Behavioral interventions for ADHD

Dr. Lindsay Evans is a child and adolescent psychologist at the Austin Psychology & Assessment Center (ApaCenter). In her work with children and families, she is often asked about the best interventions for individuals with Attention-Deficit/Hyperactivity Disorder (ADHD) or similar concerns. In particular, many families want to know if there are any effective treatment options for managing ADHD without medication. We’re grateful to Dr. Evans for addressing these questions here as a guest contributor.

Many parents are surprised to hear that comprehensive ADHD treatment should always include a strong psychosocial (non-medication) component. Behavior therapy has been shown to be an effective behavioral treatment for child and adolescent ADHD. In fact, for preschool age children (under 5), the American Academy of Pediatrics recommends behavior therapy as the first line of treatment for children. For older children, research indicates that when medication is the only form of treatment, it generally does not lead to positive long-term outcomes. And, importantly, a substantial percentage of children and adolescents with ADHD may be able to avoid using medication if good behavioral treatments are employed. If behavioral interventions are not sufficient, the combination of medication and behavioral modifications strategies can be considered.

Behavior therapy involves using positive reinforcement and structure to help modify a child’s behavior and environment. The interventions can improve the parent-child relationship, and teach children concrete skills to help them function better at home and school. Because they work best when coordinated across settings (home, school, and community), behavior therapy typically involves three components:

  1. Parent training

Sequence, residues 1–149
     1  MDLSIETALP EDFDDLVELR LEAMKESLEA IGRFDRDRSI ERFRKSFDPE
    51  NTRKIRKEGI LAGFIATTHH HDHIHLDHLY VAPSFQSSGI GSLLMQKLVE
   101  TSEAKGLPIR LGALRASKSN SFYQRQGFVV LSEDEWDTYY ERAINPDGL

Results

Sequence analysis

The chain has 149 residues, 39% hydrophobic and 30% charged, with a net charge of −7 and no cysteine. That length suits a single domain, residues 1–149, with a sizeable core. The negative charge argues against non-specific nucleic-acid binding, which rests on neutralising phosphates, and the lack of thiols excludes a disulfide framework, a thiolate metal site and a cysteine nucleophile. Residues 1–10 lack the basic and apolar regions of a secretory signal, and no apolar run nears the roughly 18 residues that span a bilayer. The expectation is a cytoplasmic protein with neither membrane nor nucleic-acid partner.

2. Teacher consultation/school interventions
  3. Child-focused treatment

Behavior therapy often helps to reset the “magic ratio,” or the frequency of positive to negative interactions and feedback that a child receives. A more in-depth description of behavior interventions for ADHD can be found at the Center for Children and Families

Parent Training

The first and most important aspect of behavior treatment for ADHD is parent training. As we often tell parents in our practice, although many parents know standard (good) parenting strategies, having a child with ADHD can require a “black belt in parenting,” which is where Behavior Parent Training comes in. Parent training programs (such as Parent Management Training/PMT and Parent-Child Interaction Training/PCIT) are typically provided in weekly individual or group sessions, lasting 12–18 weeks. Parents are taught specific strategies and are asked to practice those in the session with their child or to go home and practice for a week. At the next session, the family reviews their progress with the therapist, problem-solves, and learns new skills to assist their family. Here is a more detailed description of Behavior Parent Training and how to find a provider in your area.

Consultation/School Interventions

School interventions typically involve having a child’s teacher provide more structure and positive reinforcement (e.g., specific verbal praise and a sticker chart) in the classroom to help a child reach specific behavior goals. Teacher involvement is critical because behavior therapy is most effective when it is consistent across settings, times of day, and people. A “Daily Report Card” coordinated between teacher and parent can be a very effective method for helping a child reach specific goals at school (a parent guide for starting one can be found here: ADHD parent resources). Coordinating with teachers is an integral piece, and we have listed some tips about parent and teacher collaboration at our ApaCenter blog.